N.J. Court Rule 1:20-19(b). In short, the primary purpose of appointing an attorney-trustee under Rule 1:20-19 "is to marshal[] any funds due the [deceased] attorney and maximize the amount available for potential distribution to clients and creditors who may be entitled to receive such sums." Eichen, Levinson & Crutchlow, LLP v. Weiner, 397 N.J. Super. 588, 598 (App. Div. 2008).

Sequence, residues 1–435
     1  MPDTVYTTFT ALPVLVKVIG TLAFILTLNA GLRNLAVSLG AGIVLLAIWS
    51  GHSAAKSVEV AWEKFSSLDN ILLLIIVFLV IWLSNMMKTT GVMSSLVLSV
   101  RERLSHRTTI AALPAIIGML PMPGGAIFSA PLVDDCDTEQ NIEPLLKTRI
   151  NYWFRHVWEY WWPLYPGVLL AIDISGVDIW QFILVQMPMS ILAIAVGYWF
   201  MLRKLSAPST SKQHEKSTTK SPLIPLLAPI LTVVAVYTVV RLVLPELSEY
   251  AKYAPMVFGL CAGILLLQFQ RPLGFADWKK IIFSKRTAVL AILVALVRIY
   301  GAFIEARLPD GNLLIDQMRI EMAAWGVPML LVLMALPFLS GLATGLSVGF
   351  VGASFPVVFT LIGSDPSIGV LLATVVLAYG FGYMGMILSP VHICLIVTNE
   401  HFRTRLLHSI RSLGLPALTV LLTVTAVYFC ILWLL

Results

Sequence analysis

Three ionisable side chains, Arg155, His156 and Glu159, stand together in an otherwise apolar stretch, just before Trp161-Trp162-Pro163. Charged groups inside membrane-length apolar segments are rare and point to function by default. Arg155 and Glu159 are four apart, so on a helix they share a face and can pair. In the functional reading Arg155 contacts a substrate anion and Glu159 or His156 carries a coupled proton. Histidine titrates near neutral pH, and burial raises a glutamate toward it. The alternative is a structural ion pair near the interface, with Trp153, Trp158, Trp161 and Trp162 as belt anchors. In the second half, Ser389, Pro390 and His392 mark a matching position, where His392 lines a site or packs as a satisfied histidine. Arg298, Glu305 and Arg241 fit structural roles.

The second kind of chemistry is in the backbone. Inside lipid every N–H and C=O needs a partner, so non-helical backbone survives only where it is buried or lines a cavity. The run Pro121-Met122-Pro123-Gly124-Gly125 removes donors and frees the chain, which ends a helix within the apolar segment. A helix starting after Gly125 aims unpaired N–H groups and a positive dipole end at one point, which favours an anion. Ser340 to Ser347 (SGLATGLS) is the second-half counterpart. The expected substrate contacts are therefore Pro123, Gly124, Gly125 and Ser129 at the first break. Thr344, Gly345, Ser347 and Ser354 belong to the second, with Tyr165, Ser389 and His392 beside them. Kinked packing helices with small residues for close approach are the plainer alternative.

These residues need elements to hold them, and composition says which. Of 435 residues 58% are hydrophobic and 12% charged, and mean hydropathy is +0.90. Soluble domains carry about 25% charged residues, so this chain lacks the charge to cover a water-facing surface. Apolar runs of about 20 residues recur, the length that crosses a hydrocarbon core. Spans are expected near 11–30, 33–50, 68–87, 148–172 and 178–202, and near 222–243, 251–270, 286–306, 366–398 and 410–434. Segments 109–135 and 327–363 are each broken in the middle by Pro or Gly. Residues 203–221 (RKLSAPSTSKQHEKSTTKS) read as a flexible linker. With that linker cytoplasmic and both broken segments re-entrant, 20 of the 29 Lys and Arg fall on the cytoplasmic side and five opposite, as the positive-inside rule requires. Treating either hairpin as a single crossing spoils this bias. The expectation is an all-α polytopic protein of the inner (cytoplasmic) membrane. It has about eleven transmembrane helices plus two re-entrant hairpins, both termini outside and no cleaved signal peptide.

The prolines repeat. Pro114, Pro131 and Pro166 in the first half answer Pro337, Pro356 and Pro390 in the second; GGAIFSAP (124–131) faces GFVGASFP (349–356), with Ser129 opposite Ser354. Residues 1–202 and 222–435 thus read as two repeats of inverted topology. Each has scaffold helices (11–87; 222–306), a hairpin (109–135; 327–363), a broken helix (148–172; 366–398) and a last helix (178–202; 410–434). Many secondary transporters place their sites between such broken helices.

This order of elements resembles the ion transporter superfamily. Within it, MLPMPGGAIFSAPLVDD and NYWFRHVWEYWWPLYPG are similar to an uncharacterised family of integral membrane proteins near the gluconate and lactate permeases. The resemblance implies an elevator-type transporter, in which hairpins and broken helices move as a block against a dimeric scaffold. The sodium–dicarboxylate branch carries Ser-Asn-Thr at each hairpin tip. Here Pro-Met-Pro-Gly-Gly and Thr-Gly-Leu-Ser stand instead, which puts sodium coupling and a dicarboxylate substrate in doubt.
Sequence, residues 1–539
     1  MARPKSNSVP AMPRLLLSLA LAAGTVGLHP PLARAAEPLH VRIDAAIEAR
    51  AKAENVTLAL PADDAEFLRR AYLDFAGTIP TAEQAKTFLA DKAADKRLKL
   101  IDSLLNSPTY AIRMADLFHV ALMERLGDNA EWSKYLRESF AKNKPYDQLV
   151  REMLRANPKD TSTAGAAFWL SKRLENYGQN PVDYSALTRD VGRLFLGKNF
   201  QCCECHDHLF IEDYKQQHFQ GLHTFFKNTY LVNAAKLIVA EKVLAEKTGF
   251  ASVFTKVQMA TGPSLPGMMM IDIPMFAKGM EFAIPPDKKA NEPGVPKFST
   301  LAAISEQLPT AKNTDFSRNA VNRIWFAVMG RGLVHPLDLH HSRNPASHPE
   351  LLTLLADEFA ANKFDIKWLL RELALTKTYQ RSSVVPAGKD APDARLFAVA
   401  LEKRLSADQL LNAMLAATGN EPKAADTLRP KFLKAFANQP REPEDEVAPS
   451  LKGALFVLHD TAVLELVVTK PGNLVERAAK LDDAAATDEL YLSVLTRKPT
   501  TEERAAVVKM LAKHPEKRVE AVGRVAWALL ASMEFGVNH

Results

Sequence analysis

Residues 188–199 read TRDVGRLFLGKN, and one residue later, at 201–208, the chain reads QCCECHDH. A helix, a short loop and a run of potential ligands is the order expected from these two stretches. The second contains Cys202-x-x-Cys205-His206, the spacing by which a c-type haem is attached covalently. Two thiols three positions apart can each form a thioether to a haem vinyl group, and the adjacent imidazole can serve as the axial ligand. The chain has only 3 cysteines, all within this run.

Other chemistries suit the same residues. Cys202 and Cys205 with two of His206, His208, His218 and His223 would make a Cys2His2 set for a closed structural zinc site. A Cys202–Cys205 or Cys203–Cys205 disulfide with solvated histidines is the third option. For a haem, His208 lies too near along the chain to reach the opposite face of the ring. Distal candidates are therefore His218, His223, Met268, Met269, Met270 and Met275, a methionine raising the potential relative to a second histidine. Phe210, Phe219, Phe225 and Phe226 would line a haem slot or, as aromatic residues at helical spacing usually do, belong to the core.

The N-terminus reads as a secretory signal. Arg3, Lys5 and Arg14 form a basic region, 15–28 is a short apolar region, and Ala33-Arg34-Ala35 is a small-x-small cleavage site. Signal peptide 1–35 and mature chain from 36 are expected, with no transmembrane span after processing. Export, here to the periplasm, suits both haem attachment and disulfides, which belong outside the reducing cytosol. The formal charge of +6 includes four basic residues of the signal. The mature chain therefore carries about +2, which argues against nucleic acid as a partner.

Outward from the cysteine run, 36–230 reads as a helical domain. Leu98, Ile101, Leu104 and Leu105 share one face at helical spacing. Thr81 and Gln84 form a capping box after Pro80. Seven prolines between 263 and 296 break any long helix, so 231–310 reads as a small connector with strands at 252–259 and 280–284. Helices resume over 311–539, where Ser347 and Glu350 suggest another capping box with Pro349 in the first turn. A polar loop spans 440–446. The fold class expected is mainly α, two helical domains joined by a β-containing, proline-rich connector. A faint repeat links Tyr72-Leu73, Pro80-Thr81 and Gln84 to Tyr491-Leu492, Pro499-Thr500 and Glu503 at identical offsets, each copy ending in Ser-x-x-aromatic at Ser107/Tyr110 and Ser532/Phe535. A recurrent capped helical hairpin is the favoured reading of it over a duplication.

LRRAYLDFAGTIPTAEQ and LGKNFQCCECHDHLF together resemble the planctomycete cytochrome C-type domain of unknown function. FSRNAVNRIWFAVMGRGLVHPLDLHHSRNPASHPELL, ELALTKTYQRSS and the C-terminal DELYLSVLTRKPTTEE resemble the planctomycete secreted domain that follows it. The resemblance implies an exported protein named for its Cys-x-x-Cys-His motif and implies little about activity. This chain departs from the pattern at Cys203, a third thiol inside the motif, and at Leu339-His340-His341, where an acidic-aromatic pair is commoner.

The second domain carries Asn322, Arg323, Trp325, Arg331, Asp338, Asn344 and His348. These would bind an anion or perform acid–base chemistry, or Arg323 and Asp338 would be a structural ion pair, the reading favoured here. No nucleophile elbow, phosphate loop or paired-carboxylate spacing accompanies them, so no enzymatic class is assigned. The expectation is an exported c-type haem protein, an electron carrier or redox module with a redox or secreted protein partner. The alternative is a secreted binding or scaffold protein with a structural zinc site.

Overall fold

Rule 1:20-19 expressly makes "[t]he attorney for whom an attorney-trustee has been appointed . . . liable to the attorney-trustee for all fees, costs, and expenses reasonably incurred by the attorney-trustee," and authorizes the court overseeing the trusteeship to enter an award of such fees, costs, and expenses from the deceased attorney's funds or assets. N.J. Court Rule 1:20-19(g)-(h). Pursuant to these provisions in Rule 1:20-19, Judge Orlando in his February 23, 2007 order directed that the remaining funds in Mr. Cooper's Commerce Bank business account be released to Mr. Mackin so that they could be distributed upon an order from the court. (Mackin Cert. Ex. B.)